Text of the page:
GPs hit back over morale-sapping impact of inaccurate CQC risk scores

Practices have hit back as the first rounds of CQC inspection reports have revealed 'unacceptable' discrepancies between the watchdog's intelligent monitoring risk scores and official inspection ratings.

Rating: CQC risk scores hit morale
Rating: CQC risk scores hit morale

A GP analysis revealed that a practice rated 'outstanding' by the CQC was publicly labelled 'high risk' in November when the watchdog published its controversial 'intelligent monitoring' data.

The CQC publicly identified St Thomas Medical Group, in Exeter, as among the highest risk practices in England on its intelligent monitoring website last year. But after visiting the practice, inspectors rated it among the country's very best.

Practice manager Gill Heppell said her practice’s risk score had impacted on staff morale and was built on inaccurate data. She described inspection day as a ‘positive but gruelling’ experience.

She said: ‘As soon as we saw the [risk] data, we checked alongside our own reports.  Some of the data was inaccurate and some highlighted coding errors on the practice's behalf. 

Staff morale affected

‘We didn't have any negative feedback from patients, but it did have an effect on staff morale. We were fortunate that our report was soon to be published, and we were confident that it would reflect well on the care we provide.’

Others in a similar situation have come out less unscathed. Nearly one in 10 (9%) of practices found to be ‘good’ so far were previously called out as high risk on the CQC website.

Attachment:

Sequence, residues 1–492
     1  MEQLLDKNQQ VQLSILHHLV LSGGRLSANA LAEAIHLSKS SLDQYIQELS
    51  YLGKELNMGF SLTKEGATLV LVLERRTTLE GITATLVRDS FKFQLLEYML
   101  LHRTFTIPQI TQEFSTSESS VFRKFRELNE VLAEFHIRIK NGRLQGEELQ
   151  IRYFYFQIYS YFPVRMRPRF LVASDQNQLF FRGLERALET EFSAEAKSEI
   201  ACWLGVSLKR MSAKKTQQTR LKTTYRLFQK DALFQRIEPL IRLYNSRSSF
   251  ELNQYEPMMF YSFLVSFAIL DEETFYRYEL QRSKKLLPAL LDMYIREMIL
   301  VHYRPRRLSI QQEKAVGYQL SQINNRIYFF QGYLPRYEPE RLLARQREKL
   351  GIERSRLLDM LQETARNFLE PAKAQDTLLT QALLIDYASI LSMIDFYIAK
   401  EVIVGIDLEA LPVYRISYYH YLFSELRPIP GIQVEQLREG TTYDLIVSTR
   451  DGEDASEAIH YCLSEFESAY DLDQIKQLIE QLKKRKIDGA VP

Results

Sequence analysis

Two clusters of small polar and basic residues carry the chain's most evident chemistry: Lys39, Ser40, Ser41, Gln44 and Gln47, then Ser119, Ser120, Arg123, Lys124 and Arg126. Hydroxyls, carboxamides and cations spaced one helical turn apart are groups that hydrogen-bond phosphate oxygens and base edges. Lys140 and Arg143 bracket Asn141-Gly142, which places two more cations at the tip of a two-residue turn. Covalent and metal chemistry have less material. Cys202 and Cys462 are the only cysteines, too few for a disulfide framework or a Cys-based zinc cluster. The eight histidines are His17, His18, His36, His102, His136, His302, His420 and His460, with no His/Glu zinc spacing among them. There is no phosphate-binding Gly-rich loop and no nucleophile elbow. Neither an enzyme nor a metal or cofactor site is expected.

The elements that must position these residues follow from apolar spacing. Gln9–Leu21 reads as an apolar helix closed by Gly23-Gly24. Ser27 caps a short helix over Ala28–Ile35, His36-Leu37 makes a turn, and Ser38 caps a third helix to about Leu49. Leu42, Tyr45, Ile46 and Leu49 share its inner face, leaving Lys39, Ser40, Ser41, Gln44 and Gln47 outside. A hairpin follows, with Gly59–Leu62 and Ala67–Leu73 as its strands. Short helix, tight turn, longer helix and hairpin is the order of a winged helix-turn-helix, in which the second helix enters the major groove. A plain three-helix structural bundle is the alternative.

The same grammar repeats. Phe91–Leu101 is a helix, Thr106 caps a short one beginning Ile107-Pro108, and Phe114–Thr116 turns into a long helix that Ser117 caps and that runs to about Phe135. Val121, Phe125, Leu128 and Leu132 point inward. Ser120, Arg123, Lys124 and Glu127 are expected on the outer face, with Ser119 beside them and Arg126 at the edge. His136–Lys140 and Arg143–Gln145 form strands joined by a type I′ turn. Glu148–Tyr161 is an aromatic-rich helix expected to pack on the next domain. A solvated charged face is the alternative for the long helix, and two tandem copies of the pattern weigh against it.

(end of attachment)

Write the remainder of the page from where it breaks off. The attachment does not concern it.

At least one of these practices, the Balance Street Health Centre in Uttoxeter, is highlighted in a local newspaper’s league table as among the ‘worst doctors in Stoke-on-Trent and Staffordshire’, despite its actual inspection proving this is not the case.

Practice manager Karen Arthur told GP her practice was allocated to band 2 for factors such as ’10 patients out of 1,000 not having their BP in range at the time’ and ‘one patient not being offered smoking cessation advice’.

Unacceptable risk rating

She said:  ‘We received our intelligent monitoring report in November, even though we had been inspected on 3 October.

‘I do not think it is acceptable to be labelled as a high risk practice when we were visited before the intelligent monitoring report was published.’

One senior primary care lawyer has said practices could take legal action for defamation against the CQC if they are unfairly labelled high risk.

The disparity between actual ratings and risk ratings has prompted renewed calls from GP leaders for the CQC to scrap its 'stupid' intelligent monitoring system. The GPC claims the tool is ‘misleading patients and damaging the CQC’s reputation’.

In further examples, two of the five practices given the lowest rating of ‘inadequate’ were placed in the lowest risk category – band 6. Only one of the ‘inadequate’ practices was placed in a high-risk band by the intelligent monitoring tool.

GPC deputy chairman Dr Richard Vautrey said: ‘This shows how useless the intelligent monitoring system is as a marker for quality of practice, and it’s no wonder that the profession has no confidence in that process.’

The CQC has maintained that its intelligent monitoring risk scores ‘are not judgments’ on practices and should not be interpreted as such. The watchdog says only inspection ratings reflect its view of whether the service provided by a practice is ‘safe, caring, effective, responsive and well-led’.

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